The White House has gone on the offensive against its critics in the press, singling out Fox News and going so far as to accuse the Rupert Murdoch’s News Corp.
-owned network of waging a “war against Barack Obama.”
White House Communications Director Anita Dunn has led the charge, appearing on CNN television and conducting interviews with Time magazine and The New York Times in recent days to make her case.
Read what Fox News has to say about the move.
The unusual White House campaign comes as President Obama faces mounting opposition to his health care reforms, growing concern over the situation in Afghanistan and a continuing general economic malaise.
The president also suffered a setback recently when his personal effort to win approval for Chicago to host the 2016 Olympics was rejected and his Nobel Peace Prize has met with more barbs than bouquets.
Speaking of media magnate Rupert Murdoch’s Fox, Dunn told the Times in an interview published Monday: “We’re going to treat them the way we would treat an opponent.
“As they are undertaking a war against Barack Obama and the White House, we don’t need to pretend that this is the way that legitimate news organisations behave,” she said.
In comments just days earlier to Time magazine, Dunn, a veteran Democratic Party communications strategist who joined the White House in May, denounced Fox as “opinion journalism masquerading as news.”
“They are boosting their audience. But that doesn’t mean we are going to sit back,” she said.
Appearing on CNN on Sunday, Dunn said “the reality of it is that Fox News often operates almost as either the research arm or the communications arm of the Republican Party.”
Dunn said the White House would not be a “passive bystander” as opponents try to “tear down the president and his presidency.”
“We will push back,” she said.
Obama ‘is racist’
The push back has included a blog post on WhiteHouse.gov in which the White House denounced what it called “Fox lies” and “an attempt to smear the administration’s efforts to win the Olympics for the United States.”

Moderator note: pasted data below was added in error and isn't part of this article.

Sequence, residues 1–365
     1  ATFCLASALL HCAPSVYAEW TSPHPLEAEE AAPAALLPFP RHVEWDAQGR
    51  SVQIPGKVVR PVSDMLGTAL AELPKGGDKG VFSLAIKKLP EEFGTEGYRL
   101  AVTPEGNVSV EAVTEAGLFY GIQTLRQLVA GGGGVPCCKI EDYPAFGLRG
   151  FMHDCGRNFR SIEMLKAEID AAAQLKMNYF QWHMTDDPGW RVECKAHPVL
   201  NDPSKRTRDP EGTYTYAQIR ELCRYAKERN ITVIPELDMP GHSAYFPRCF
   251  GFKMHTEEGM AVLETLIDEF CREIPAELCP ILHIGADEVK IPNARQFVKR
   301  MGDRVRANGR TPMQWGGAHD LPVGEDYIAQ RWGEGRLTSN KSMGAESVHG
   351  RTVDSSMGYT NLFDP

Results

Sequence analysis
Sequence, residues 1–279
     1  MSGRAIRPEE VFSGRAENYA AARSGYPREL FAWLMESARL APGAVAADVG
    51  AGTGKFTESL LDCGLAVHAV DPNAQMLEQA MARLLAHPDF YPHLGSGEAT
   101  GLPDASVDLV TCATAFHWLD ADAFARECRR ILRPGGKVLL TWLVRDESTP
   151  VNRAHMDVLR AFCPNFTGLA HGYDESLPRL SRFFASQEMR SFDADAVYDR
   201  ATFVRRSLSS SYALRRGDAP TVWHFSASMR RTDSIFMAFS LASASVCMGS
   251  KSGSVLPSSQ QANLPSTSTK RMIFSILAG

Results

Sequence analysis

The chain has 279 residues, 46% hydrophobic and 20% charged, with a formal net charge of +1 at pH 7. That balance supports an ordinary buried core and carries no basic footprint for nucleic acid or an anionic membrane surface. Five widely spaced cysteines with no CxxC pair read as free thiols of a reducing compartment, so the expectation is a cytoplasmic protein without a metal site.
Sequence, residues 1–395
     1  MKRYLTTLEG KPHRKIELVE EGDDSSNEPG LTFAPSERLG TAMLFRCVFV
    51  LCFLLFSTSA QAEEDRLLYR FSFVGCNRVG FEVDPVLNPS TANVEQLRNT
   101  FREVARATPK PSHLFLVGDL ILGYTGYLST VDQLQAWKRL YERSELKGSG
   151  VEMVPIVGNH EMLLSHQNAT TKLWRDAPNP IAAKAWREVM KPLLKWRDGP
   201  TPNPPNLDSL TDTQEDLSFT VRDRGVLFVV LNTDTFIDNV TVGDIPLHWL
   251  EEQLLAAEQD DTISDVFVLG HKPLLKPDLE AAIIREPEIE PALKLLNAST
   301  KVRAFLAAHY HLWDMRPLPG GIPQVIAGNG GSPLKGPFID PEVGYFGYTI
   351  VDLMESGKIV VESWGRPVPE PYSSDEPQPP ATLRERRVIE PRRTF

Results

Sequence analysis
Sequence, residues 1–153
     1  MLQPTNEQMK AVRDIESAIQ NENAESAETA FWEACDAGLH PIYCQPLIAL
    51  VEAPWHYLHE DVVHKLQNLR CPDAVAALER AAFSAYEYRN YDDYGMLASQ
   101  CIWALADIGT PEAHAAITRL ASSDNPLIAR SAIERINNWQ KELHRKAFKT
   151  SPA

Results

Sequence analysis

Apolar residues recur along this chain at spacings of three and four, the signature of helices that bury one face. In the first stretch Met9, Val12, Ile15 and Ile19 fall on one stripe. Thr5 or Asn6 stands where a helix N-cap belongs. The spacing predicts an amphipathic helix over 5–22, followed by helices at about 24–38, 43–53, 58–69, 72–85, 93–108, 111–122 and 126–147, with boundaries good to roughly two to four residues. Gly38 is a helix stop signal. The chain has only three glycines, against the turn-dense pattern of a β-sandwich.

The White House blog singled out Glenn Beck, a conservative talk show host on Fox, for criticism, saying his program “has shown that nothing is worthy of respect if it can be used as part of a partisan attack to boost ratings.”
Beck has been a relentless critic of the Obama administration and labelled the president a “racist” in a July appearance on another Fox program.
“This guy is, I believe, a racist,” Beck said, adding that Obama, America’s first black president, has a “deep-seated hatred for white people.”
Larry Sabato, director of the Centre for Politics at the University of Virginia, said the White House may be lashing out at Fox “because the Democratic base is starting to be more critical of Obama.
“The world was expected to be transformed in approximately a month and it just didn’t quite happen that way,” Sabato said. “So if you’re in that position and you need to rally your base, you need to find a common enemy.
“They’re going on the offensive to rally the base and the base will rally to them because they hate the ‘right-wing noise machine’ too,” he said. “Everyone needs an enemy in politics. Everyone needs a devil figure.”
The White House offensive against Fox comes despite a reported meeting last month between senior Obama adviser David Axelrod and Fox News chairman and chief executive officer Roger Ailes.
Political news website Politico said Axelrod and Ailes met to discuss news coverage and the relationship between the White House and the network.
Fox, asked by AFP for a reaction to the White House criticisms, pointed to statements made by senior Fox executives to the Times and CNN.
“Instead of governing, the White House continues to be in campaign mode, and Fox News is the target of their attack mentality,” said Michael Clemente, senior vice president for news at the Fox News Channel.
“Perhaps the energy would be better spent on the critical issues that voters are worried about,” he said.
Clemente also noted that Fox programming is a mixture of news and opinion.
“So, with all due respect to anyone who still might be confused about the difference between news reporting and vibrant opinion, my suggestion would be to talk about the stories and the facts rather than attack the messenger … which over time, has never worked,” he said.